At the end of each of my Certified Scrum Master, Advanced Certified Scrum Master, and Certified Scrum Professional Scrum Master courses I provided delegates with a recommended reading list.
Scrum is built on the value proposition of achieving twice the work in half the time, and one of the reasons why that is possible is because Scrum is built on the concept of continuous improvement or Kaizen.
Scrum Masters need to invest in their own continuous improvement and reading forms a massive part of that self-development.
It provides you with insights into some of the most competent and skilled professionals in the Agile world. It provides you with essential knowledge and recommendations from people who have faced and overcome the very obstacles that you will encounter in your professional environment.
So, which 3 books would I recommend for scrum masters and why?
Coaching Agile Teams – Lyssa Adkins
A scrum master is an agile coach. It is their responsibility to coach the members of that team in scrum and how to work together creatively and effectively.
This is a great book for scrum masters because it gives you a real flavour of what your day-to-day activities and responsibilities are going to look like. In the book, Lyssa also highlights working with product owners as well as the development team.
Collaboration Explained – Jean Tabaka
This is a book about facilitation.
One of the weakest points I see when it comes to scrum masters is their ability to effectively facilitate a meeting.
Meetings are dreaded in the workplace because for the most part they achieve very little and consume a lot of time. Many scrum masters have never been in a well facilitated meeting and so they have no idea of what a great meeting looks like.
In this book, Jean walks you through how to effectively facilitate as a scrum master in agile environments and how to get your teams collaborating creatively and productively.
Large Scale Scrum, More with LeSS – Craig Larman and Bas Vodde
This may seem an odd choice for many people who know me because it speaks toward scaling scrum and I’m not generally a fan of scaling scrum at all.
The book gives you some great insights into the thinking behind single and multiple scrum team environments and why the LeSS (Large Scale Scrum) framework has become such a popular tool for scaling scrum.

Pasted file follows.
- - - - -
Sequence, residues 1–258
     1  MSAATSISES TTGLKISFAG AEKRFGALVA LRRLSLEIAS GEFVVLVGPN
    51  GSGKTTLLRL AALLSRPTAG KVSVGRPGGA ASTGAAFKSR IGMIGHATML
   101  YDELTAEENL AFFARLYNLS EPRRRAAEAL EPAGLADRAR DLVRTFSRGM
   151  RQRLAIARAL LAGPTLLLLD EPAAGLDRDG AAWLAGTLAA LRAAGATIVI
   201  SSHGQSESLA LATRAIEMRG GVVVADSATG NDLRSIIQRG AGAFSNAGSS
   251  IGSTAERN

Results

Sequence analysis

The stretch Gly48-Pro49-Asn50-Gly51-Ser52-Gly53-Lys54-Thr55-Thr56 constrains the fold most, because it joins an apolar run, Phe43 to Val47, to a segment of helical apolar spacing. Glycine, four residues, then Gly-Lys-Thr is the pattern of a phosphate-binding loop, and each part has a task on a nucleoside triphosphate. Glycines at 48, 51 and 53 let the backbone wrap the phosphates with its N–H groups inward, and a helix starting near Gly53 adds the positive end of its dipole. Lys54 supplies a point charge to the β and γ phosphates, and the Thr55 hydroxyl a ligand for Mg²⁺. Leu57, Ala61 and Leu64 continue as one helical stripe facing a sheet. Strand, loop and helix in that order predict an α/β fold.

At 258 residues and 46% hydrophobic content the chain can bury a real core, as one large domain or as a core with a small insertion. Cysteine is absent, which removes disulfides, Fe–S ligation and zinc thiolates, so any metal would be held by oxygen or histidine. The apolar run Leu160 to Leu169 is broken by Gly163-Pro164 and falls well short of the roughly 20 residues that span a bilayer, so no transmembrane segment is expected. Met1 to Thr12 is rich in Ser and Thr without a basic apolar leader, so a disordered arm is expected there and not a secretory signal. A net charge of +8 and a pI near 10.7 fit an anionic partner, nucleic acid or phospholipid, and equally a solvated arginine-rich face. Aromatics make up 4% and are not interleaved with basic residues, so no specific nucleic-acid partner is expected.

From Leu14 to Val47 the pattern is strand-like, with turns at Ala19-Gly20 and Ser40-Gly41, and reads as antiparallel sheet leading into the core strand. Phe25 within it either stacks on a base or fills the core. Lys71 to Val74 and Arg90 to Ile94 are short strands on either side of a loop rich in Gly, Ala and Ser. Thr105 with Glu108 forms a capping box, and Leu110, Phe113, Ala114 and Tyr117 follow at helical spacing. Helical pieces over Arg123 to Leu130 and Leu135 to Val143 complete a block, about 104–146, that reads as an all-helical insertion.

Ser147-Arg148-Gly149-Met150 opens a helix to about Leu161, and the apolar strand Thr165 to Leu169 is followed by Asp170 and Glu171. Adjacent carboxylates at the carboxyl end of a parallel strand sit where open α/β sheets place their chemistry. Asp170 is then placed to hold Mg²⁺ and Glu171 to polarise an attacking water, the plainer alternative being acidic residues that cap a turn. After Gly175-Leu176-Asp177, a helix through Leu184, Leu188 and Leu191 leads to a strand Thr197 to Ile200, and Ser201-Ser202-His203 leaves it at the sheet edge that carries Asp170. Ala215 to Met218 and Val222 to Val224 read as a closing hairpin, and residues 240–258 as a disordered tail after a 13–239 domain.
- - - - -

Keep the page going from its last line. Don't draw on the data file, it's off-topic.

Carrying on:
LeSS is my preferred scaling framework for Scrum and this book delivers great insights into the challenges of scaling scrum and how best to scale scrum in your environment if that is what you are looking to adopt.
The book also explains the role of managers in Agile environments. It’s something that is often forgotten about when we speak about Agile or Scrum environments.
Bas and Craig help define how the management role has evolved from telling people what to do to creating environments where teams and individuals can excel.
Have a read of these three books and let me know what you think. If you have any great books that you have read and think we should include in our recommended reading list, please touch base with us and let us know.
If you like the idea of becoming a scrum master, visit our Certified Scrum Master course.
If you are already a scrum master and want to upskill, visit our Advanced Certified Scrum Master course.
If you have several years’ experience as a scrum master and want to both validate and certify your skills, visit our Certified Scrum Professional Scrum Master course page.
If you like the idea of mentored and coach-driven skills development, visit our Agile Coach Academy.
If you have identified coaching as a valuable skill to develop, visit our on-demand Introduction to Coaching course.
For more information on John McFadyen, visit https://www.johnmcfadyen.com